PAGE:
Monday, November 11, 2019
In an extensive article in the New Yorker, Is the Supreme Court’s Fate in Elena Kagan’s Hands?, Margaret Talbot provides a profile of Justice Kagan, situating her in her role as the Court's "youngest liberal":
Kagan, who has long been admired by legal scholars for the brilliance of her opinion writing and the incisiveness of her questioning in oral arguments, is emerging as one of the most influential Justices on the Court—and, without question, the most influential of the liberals. That is partly because of her temperament (she is a bridge builder), partly because of her tactics (she has a more acute political instinct than some of her colleagues), and partly because of her age (she is the youngest of the Court’s four liberals, after Ginsburg, Breyer, and Sotomayor).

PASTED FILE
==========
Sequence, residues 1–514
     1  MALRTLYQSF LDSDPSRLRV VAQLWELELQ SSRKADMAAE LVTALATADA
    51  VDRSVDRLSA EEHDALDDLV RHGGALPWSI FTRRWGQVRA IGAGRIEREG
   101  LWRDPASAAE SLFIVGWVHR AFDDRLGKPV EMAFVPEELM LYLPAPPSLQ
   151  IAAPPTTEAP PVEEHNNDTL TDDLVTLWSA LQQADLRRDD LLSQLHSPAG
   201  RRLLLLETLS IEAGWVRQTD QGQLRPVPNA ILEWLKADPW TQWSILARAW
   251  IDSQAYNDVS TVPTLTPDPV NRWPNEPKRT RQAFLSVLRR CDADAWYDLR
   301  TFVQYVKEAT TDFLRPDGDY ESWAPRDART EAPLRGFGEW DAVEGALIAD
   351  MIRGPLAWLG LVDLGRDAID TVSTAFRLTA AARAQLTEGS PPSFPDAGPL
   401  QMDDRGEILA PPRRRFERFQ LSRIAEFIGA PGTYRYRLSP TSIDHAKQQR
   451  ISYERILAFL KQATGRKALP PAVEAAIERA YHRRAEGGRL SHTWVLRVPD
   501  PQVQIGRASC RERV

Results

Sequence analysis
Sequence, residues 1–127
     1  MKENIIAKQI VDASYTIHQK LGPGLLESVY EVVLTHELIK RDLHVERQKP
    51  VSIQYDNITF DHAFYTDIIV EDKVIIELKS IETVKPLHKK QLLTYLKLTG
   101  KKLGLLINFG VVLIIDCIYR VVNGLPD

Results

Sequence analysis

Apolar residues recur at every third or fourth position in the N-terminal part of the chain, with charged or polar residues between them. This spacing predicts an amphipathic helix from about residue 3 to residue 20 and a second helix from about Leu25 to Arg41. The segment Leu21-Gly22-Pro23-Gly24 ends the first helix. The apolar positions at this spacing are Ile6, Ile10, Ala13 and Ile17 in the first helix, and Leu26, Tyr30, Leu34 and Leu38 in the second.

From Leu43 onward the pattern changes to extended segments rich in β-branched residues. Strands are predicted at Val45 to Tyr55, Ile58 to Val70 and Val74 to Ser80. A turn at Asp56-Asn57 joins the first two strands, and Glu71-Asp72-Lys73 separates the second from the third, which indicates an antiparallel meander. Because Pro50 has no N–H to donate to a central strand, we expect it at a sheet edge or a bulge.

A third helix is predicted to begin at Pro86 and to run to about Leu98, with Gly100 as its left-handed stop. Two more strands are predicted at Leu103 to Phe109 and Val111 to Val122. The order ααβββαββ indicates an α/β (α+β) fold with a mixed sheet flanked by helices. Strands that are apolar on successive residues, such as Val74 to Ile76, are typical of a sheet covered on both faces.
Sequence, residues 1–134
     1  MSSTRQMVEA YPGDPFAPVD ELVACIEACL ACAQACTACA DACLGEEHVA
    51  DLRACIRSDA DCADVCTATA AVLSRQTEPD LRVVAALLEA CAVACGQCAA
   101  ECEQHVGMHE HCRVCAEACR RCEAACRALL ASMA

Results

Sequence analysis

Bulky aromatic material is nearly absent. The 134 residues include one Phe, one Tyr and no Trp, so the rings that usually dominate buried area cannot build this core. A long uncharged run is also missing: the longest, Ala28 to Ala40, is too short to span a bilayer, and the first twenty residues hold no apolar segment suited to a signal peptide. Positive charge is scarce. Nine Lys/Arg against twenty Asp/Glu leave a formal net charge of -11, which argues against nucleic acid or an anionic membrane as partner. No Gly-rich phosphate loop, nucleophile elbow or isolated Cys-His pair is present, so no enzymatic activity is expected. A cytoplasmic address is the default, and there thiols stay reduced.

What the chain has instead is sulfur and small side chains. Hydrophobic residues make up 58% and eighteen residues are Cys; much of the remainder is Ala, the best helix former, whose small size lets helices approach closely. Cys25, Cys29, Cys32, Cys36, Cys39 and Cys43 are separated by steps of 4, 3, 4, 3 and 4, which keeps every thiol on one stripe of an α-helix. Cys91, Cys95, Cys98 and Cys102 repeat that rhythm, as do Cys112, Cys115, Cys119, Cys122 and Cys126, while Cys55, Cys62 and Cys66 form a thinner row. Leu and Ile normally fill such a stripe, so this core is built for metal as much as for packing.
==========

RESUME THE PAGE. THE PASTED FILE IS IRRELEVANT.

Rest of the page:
Talbot is good at relating Kagan's background and her written opinions:
Although Kagan didn’t become a historian, her opinions at the Court often read as though a historian might have written them. It’s not because she stuffs them with references to the Founding Fathers—some of her colleagues do that more often, and more clumsily—but because she knows how to weave an internally coherent and satisfying narrative, incorporating different strands of explanation and event.
Like any historian worth reading, Kagan avoids getting mired in the details. Her best opinions often begin by sounding broad political themes, as though she were gathering people around her to tell a story about democracy.
Definitely worth a read (or a listen) at the New Yorker.